• (415) 577-4750
  • allison@drwaterworth.com
  • (415) 577-4750
  • allison@drwaterworth.com

The Granting (and Denial) of Accommodations by ETS, LSAT, MCAT, GMAT, and Bar Association

Test accommodations have been provided for students with obvious physical handicaps for decades, but only in recent years has the granting of accommodations for ‘invisible’ conditions become commonplace. The term ‘invisible’ is used to describe those conditions which are felt and defined in the DSM-5, and not outwardly apparent to the naked eye. These include dyslexia (Reading Disorder), Attention-Deficit/Hyperactivity Disorder (ADHD), depression, anxiety, and non-verbal learning disorder, these being the most common. Testing with standardized psychological tests detects these conditions and differentiates them from felt experience alone.

The right for students to have accommodations is granted under the IDEA, a department of education mandate to afford students with special needs the opportunity to reach their potential. Once a student turns 18, this right then falls under the Americans with Disabilities Act. Parents are often frustrated when test accommodations are not readily granted from the ETS if their child has received a diagnosis from a professional. To allow a peek behind the curtain, I will explain their reasoning. To be granted accommodations a student must demonstrate two things: a diagnosed condition AND a limitation on functioning. It is necessary but not sufficient to report a condition of, for example, ADHD. The evaluator must additionally document how the condition limits functioning, particularly as related to the task at hand (testing). This makes sense given that the population of students who sit for tests may have all manner of conditions -eg, diabetes, Irritable bowel syndrome, Tourette’s syndrome -the list is endless, but most will not request accommodations. You yourself may have a health condition but this alone may not cause you trouble on standardized tests. In any group of students, a substantial portion will have some type of diagnosable condition. However, this condition may have little to no impact on test-taking. The reviewers for testing boards read the psychological and learning evaluations ensuring that these two conditions are met. A minor measured weakness in reading speed will not suffice, a student must demonstrate a substantial pattern of difficulty in functioning, as documented by a professional, based upon statistical data and felt history.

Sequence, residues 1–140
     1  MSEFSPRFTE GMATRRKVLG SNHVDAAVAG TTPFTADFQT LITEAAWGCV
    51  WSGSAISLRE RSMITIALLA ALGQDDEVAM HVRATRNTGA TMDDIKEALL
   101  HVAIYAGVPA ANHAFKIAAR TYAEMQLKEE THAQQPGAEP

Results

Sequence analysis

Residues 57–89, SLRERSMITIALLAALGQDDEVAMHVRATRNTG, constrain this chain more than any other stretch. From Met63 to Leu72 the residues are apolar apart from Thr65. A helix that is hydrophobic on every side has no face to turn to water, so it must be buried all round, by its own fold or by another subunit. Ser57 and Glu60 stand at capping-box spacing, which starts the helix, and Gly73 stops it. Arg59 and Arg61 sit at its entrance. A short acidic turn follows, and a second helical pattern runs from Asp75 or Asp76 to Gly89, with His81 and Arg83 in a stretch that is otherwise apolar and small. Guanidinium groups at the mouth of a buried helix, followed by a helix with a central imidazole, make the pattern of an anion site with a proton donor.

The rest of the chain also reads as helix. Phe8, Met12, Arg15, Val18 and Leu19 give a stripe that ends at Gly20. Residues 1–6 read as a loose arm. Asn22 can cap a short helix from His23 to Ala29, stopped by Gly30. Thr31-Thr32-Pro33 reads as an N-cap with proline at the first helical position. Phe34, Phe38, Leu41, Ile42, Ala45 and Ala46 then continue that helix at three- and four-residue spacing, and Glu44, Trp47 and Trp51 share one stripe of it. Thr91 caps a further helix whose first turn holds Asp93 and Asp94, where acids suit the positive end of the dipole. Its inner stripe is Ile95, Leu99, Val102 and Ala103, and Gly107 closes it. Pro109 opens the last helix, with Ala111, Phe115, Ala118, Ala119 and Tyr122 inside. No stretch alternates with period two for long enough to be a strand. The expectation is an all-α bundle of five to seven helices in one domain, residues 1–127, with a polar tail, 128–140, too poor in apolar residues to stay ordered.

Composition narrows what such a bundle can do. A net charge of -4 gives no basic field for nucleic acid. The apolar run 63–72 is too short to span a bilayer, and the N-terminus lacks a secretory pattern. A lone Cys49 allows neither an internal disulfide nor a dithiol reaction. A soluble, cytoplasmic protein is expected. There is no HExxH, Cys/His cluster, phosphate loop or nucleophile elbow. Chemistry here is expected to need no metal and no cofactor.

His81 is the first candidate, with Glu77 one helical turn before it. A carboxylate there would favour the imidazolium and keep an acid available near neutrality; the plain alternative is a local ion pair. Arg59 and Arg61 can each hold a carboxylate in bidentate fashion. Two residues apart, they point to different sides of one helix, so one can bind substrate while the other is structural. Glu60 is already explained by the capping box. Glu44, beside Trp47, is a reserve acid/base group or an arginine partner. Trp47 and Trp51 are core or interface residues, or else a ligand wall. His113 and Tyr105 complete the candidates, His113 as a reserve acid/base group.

Parents want to support their children in alleviating stress and extra time can be one method. Accommodations may be appropriate but a psychological report must document the history and factors which make it so, in the form of: formally diagnosing a recognized condition, detailing how that condition limits functioning, and relating it to the task at hand -i.e., -test-taking. When these conditions are met, the testing boards usually ‘get it right,’ and grant reasonable accommodations as intended under the law.